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Situación de Patrimonio Mundial de la Ciudad de Piedra de Zanzíbar bajo escrutinio

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The status of Zanzibar’s ancient Stone Town as a cultural World Heritage site (WHS), accorded in 2000 by UNESCO, will be coming under scrutiny in the run-up to the next UNESCO General Assembly sched

The status of Zanzibar’s ancient Stone Town as a cultural World Heritage site (WHS), accorded in 2000 by UNESCO, will be coming under scrutiny in the run-up to the next UNESCO General Assembly scheduled to be held in Doha in July. A committee of experts will in particular look at growing complaints about the construction of a new hotel in the very heart of Stone Town, which is one of the greatest tourism attractions Unguja Island holds for visitors from abroad. Here, the character and fabric of the neighborhood has been largely preserved and maintained.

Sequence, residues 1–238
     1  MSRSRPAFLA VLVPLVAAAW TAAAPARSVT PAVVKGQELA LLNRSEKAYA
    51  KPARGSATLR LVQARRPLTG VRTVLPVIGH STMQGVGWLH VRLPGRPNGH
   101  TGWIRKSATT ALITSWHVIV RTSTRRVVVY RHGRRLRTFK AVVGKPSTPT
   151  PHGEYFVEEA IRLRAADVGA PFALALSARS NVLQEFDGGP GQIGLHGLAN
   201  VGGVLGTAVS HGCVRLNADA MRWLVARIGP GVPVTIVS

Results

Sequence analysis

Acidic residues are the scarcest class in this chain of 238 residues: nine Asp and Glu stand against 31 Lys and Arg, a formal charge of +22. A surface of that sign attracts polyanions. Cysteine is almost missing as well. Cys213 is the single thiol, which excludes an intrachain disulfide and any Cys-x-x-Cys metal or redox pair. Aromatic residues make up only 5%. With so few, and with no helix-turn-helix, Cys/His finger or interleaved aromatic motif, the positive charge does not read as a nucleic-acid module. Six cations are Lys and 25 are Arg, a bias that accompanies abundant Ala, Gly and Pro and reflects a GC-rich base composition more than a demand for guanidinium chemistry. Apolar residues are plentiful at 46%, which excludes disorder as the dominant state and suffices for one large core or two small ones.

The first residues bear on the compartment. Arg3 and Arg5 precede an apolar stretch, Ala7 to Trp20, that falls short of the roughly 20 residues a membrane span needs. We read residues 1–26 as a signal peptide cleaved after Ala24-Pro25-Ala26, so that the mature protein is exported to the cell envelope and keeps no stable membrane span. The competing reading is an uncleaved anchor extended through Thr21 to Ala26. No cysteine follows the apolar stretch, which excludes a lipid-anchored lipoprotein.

There are fine examples of how hotel construction can be undertaken, while leaving adjoining ancient buildings largely untouched on the exterior. Dilapidated buildings have been rehabilitated with newly-revived interiors, revealing 5-star properties that blend right into the essence of Stone Town.

The construction of a new hotel opposite a recognized historical building in Stone Town, raised some questions when suggestions emerged that the guidelines for such construction provided by UNESCO WHS administrators were not being fully adhered to. This caused alarm that there was the risk of sanctions being imposed and perhaps even possibly being struck from the WHS list.

The issue had been raised here before, as Tanzania now has a clouded record vis-a-vis UNESCO World Heritage sites, with the Serengeti under threat through a highway, the Selous under double threat through Uranium mining, and the proposed construction of a hydroelectric dam in the dead center of the tourism zone at Stieglers’ Gorge. There was also the unexplained withdrawal three years ago of an application due to be approved just weeks later of the Eastern Arc Mountains, where according to constant feedback, the doors are now wide open for illegal logging and mining, something a UNESCO WHS status would have largely prevented.